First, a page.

LOS ALGODONES, B.C. – I made it to Yuma with time to spare this afternoon, so I dumped my bags at the motel and drove around to the Andrade border crossing and through the little town of Algodones (best dentists in North America!) to Morelos Dam.
I couldn’t find the angle to get the picture I wanted, so you’ll have to settle for some words. In the picture above, we’re on the downstream side of the dam, which diverts the last of the Colorado River’s waters to farms in Mexico. The dam’s closed, so the water you see is just groundwater leaking through. If you look closely at the dirt road on the right side of the picture, you’ll see a little gap. That’s all that’s left of the Colorado River. Words fail me, here’s a closeup of all that’s left of the Colorado River. Hard to get a feel for the scale here, but there was a guy out walking his dog. The dog splashed from Mexico to the U.S. and back in just a few seconds.
It’s a nice shallow pool, so of course there were birds:
- a green heron
- some undetermined sandpipers
- a bunch of black-necked stilts (lordy, such graceful creatures)
- I’m pretty sure a blue-winged teal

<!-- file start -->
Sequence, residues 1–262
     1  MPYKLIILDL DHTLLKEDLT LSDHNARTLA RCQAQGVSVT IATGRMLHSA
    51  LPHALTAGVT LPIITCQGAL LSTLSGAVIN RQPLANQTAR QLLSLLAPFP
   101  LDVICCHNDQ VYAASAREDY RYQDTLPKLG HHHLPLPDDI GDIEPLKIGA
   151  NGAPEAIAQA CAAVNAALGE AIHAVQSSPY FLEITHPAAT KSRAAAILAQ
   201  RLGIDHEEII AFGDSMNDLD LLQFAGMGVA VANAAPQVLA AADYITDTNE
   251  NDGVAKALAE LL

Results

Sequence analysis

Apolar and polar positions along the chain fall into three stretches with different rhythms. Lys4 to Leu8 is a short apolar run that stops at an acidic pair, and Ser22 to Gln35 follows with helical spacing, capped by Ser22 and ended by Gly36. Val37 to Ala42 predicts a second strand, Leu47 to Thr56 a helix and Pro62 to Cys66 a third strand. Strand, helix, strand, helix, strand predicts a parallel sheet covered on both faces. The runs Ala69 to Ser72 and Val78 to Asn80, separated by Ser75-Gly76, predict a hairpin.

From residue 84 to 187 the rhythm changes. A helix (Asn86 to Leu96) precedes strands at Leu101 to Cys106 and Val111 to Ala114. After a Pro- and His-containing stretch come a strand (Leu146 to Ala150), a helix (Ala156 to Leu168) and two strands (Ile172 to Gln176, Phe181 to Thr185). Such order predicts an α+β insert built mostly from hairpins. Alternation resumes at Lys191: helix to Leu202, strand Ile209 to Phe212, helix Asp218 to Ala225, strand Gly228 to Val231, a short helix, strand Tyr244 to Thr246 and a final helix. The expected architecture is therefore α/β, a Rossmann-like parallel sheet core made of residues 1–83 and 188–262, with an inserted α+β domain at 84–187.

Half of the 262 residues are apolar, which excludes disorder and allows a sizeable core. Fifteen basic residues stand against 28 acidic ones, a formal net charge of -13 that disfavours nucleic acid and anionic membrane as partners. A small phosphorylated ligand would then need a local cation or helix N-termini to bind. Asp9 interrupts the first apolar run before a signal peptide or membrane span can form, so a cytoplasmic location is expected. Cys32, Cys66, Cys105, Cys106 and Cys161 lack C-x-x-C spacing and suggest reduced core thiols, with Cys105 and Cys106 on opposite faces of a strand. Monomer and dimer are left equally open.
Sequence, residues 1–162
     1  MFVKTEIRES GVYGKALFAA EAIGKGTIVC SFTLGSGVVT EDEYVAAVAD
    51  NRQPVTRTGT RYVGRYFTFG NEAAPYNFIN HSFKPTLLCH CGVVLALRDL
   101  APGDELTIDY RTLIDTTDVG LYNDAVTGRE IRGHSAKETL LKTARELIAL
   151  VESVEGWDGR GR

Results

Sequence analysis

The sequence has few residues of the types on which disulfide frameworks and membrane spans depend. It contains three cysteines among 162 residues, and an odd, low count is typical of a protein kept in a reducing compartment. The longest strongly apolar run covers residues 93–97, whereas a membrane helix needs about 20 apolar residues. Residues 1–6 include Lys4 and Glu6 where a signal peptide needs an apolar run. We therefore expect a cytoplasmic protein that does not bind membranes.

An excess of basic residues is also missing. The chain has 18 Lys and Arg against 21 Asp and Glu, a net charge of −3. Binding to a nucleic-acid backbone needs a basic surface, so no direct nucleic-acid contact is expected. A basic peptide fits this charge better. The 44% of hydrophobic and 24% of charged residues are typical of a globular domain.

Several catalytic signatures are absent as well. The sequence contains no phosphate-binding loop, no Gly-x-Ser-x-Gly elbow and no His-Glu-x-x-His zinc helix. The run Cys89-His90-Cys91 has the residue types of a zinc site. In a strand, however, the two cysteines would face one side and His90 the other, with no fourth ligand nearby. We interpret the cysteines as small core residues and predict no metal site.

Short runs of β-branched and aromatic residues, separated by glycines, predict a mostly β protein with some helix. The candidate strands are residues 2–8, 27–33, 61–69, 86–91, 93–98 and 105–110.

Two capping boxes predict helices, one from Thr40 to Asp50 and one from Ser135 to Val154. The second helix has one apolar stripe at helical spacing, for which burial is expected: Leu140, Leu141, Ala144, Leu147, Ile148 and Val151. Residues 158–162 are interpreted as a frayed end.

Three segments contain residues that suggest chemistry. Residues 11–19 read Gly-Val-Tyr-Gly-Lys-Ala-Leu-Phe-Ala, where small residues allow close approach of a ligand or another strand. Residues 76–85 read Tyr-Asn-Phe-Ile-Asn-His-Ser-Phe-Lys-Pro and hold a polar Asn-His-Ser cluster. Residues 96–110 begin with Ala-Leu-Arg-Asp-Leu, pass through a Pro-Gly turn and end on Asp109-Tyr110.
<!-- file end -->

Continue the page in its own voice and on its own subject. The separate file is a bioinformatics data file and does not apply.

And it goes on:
- lots of coots (“American” coots, to be specific)
- a gallinule
Since I’m down here to watch the historic release of Colorado River water back into the long-dried delta, this of course raises all kinds of fascinating questions about what is “nature”. It’s just a bunch of dam leakage confined by levees. Whatever. The egret was gorgeous:
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Life was pretty different 40 years ago when I lived in Yuma. Algodones was a sleepy little town with two Dentists and about 2 blocks of tourist shops. One Dentist would advertise on KBLU TV late night. The commercial would boast, “We even have an X-ray machine.” We thought it was pretty cheesy but that was Algodones. The river was different too. I use to go fishing with two guys below Morelos Dam. One spot in particular was a good cat fishing spot. Spent many a night drinking cold Olympia beer and fishing.
Times have changed. Algodones has become the Dental capital for the region and the river is no more below the dam. Sign of the times. Funny thing, excess water usually flows into Mexico due to cancelled water orders upstream. They take every drop to supply the needs of the Mexicali Valley.
When you are dealing with poverty and the needs for water in your own region to fuel the economy – you have priorities. Life is tough in the South West. It is tougher now then it was 40 years ago.
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